20.0 


Dec. 7 


1.8 


34.4 


Dec. 14 


1.2 


23.0 




Figure 3. — Construction of fresh-water shrimp traps in the lower St. Paul River, Liberia. 



The small, mangrove-type Mesurado River, 
which adjoins the St. Paul River, lacks the 
runoff lag and becomes highly saline several 
months before the St. Paul River (table 1). 
The higher salinities and lack of rock bottom 
habitat are believed to be the primary reasons 
for the negligible numbers of fresh-water 
shrimp caught in the Mesurado River estuary. 

The oceanic waters of the Monrovia Free- 
port were directly influenced by the low sa- 
linity runoffs of the St. Paul and Mesurado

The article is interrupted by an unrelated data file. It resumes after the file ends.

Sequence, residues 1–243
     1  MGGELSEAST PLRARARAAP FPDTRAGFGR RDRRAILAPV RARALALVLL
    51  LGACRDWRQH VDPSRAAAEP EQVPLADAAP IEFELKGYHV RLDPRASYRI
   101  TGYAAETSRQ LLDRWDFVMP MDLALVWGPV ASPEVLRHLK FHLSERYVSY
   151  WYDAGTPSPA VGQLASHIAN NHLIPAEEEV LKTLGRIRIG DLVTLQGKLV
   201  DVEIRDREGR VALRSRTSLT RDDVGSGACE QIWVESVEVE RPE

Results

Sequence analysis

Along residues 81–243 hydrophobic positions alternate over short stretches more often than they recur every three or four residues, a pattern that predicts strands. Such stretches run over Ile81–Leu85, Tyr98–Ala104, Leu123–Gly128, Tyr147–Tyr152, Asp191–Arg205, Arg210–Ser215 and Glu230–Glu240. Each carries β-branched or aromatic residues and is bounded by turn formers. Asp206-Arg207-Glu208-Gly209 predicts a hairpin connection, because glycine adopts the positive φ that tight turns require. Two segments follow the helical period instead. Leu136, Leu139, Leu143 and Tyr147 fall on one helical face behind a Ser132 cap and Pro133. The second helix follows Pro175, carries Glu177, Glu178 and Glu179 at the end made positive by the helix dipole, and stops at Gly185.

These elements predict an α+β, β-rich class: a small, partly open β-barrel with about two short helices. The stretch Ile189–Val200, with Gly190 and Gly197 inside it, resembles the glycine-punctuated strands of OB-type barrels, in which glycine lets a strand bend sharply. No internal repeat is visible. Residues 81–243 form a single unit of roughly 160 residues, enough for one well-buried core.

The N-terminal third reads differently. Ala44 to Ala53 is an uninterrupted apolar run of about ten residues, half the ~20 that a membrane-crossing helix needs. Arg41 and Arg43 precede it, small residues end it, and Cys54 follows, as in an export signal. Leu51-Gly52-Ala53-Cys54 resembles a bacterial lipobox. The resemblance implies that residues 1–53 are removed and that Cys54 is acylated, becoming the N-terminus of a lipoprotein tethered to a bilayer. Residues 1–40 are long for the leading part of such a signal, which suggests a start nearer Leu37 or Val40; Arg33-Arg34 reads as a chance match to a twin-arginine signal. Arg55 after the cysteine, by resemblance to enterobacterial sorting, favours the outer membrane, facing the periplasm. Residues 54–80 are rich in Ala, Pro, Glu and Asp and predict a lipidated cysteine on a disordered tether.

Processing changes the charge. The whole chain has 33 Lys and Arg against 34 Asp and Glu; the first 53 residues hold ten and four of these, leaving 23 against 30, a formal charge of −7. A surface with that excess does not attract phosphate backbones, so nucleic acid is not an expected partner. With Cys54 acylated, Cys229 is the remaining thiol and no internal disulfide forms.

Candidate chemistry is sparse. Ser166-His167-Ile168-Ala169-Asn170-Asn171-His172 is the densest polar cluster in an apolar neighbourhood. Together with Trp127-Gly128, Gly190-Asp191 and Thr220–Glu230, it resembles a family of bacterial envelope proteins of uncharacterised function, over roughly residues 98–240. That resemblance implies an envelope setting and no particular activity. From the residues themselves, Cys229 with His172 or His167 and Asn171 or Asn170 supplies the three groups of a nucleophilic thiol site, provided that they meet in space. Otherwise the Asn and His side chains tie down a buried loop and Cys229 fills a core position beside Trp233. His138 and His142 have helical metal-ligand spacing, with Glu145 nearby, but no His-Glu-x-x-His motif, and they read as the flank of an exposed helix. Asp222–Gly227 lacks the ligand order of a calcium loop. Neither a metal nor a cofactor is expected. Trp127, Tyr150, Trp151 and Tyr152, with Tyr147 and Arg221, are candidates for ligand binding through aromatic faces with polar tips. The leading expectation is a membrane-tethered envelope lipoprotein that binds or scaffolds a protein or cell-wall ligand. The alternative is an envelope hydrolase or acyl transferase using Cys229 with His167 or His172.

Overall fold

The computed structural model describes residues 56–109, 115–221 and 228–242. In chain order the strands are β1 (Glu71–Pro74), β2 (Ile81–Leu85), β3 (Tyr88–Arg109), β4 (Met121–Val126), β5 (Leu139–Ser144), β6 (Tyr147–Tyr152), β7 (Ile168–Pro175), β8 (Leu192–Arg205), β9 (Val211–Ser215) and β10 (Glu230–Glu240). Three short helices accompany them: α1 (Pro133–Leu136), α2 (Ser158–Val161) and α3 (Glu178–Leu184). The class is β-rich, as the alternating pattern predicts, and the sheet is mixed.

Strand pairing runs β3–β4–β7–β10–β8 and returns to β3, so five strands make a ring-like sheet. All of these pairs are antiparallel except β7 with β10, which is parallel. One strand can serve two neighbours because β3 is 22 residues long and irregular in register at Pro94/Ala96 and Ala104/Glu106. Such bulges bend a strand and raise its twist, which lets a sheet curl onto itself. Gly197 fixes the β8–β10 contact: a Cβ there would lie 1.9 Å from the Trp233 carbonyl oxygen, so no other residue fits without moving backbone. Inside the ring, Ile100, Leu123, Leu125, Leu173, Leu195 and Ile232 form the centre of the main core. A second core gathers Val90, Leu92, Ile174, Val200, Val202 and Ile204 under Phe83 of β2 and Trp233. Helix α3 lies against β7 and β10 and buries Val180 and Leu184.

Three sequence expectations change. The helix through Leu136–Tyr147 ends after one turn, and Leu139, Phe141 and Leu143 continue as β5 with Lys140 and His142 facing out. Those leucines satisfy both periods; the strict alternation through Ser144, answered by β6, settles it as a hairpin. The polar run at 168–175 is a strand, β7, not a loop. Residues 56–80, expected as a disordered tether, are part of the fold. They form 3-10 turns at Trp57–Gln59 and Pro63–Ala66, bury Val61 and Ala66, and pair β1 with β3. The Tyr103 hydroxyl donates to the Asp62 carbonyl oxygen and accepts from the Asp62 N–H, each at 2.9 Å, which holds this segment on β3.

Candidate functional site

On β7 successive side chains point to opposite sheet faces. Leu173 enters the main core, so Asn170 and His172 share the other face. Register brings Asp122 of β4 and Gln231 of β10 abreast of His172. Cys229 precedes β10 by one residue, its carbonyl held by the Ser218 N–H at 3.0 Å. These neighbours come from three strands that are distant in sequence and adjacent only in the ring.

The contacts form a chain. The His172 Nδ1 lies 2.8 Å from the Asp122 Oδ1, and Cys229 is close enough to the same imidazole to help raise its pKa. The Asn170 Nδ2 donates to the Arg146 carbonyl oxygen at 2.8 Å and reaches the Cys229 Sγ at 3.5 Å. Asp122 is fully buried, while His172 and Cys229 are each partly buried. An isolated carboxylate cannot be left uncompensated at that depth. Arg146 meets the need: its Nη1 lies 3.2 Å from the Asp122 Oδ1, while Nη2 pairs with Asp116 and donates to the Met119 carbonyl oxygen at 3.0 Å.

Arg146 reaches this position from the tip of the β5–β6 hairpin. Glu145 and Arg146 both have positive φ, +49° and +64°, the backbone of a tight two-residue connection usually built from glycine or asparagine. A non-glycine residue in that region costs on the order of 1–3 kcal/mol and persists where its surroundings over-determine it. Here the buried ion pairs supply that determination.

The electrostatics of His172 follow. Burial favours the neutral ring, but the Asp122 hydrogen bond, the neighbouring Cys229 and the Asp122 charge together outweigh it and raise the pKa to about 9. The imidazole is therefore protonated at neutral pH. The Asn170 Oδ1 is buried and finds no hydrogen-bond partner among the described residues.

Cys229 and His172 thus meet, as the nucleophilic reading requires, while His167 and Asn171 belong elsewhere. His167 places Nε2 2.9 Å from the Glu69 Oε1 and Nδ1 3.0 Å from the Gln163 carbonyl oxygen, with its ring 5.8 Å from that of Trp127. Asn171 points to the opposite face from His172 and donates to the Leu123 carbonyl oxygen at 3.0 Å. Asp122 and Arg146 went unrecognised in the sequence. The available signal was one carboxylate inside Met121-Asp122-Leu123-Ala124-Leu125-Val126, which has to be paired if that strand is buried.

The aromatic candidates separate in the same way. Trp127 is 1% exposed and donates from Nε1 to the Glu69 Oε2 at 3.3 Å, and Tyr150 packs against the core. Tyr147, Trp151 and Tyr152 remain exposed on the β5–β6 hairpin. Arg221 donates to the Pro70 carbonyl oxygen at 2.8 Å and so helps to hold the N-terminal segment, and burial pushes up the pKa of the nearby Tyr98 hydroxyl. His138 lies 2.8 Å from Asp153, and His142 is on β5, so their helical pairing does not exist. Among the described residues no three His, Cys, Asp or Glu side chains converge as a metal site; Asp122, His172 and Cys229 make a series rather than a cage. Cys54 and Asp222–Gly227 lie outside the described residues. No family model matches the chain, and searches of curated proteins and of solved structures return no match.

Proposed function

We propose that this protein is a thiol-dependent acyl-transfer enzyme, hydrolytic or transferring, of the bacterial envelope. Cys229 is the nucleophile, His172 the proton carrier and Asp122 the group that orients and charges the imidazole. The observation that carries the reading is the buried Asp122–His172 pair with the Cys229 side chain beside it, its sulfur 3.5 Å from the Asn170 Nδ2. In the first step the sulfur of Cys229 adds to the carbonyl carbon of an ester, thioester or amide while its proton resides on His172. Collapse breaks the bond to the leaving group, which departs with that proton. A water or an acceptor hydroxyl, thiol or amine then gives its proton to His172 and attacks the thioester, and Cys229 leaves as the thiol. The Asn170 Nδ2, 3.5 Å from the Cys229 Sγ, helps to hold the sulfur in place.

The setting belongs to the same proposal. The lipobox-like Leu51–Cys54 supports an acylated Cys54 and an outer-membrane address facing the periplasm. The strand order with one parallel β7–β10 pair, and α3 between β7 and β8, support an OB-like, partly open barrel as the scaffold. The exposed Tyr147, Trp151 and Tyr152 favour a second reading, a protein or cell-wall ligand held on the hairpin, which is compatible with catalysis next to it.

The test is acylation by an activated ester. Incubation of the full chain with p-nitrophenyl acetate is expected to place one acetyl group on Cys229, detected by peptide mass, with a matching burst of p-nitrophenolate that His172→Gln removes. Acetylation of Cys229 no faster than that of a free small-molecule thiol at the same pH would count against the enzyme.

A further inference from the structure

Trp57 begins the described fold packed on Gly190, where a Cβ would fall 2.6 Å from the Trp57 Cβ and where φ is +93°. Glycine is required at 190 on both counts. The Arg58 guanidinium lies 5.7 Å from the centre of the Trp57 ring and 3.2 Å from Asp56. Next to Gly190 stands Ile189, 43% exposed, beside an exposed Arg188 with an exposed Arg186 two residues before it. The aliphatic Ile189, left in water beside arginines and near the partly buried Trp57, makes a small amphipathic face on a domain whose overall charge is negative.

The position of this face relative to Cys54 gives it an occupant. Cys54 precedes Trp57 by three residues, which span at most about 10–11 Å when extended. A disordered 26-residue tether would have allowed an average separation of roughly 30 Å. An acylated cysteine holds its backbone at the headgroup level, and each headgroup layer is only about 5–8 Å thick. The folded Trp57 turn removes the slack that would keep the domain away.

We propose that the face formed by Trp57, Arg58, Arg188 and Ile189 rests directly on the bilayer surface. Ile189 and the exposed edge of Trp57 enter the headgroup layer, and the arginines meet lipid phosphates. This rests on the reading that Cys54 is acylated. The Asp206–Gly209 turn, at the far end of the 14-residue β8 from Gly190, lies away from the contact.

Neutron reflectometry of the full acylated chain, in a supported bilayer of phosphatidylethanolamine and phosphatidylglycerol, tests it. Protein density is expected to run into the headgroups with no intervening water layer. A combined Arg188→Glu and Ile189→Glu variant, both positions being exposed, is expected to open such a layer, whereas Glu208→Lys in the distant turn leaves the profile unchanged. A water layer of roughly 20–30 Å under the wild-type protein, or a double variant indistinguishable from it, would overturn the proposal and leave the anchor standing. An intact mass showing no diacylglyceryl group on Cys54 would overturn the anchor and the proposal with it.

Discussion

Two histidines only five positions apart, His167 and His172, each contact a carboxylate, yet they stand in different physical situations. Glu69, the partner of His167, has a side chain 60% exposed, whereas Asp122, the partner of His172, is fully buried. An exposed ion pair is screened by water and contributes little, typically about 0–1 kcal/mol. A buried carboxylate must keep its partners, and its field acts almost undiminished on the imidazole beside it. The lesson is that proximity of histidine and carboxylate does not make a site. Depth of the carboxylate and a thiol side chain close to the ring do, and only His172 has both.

Rivers. The Monrovia Freeport is located in- 
termediate, and a short distance between the 
two rivers. The runoff lag of the St. Paul 
River as it decreased in December-January 
was reflected by increased salinities in the 
Freeport (table 2). 



Economic Value 

The economic value of the shrimp varied 
with size. At the beginning and end of the 
season, when shrimp were small, 18 shrimp 
retailed for 25 cents (U.S.) to the consumer. 
During the rest of the season, the fishermen 

Table 2. — Salinities in the Monrovia Freeport, Liberia, 
August 1953-January 1954 



Month 



Lowest 
salinity 



Highest 
salinity 



Average 
salinity 





P.p.t. 


P.p.t. 


P.p.t. 


Aug. 


11.0 


24.0 


17.1 


Sep. 


6.2 


24.4 


12.7 


Oct. 


5.2 


23.5 


13.7 


Nov. 


18.2 


30.4 


25.2 


Dec. 


23.8 


32.8 


30.0 


Jan. 


28.8 


33.3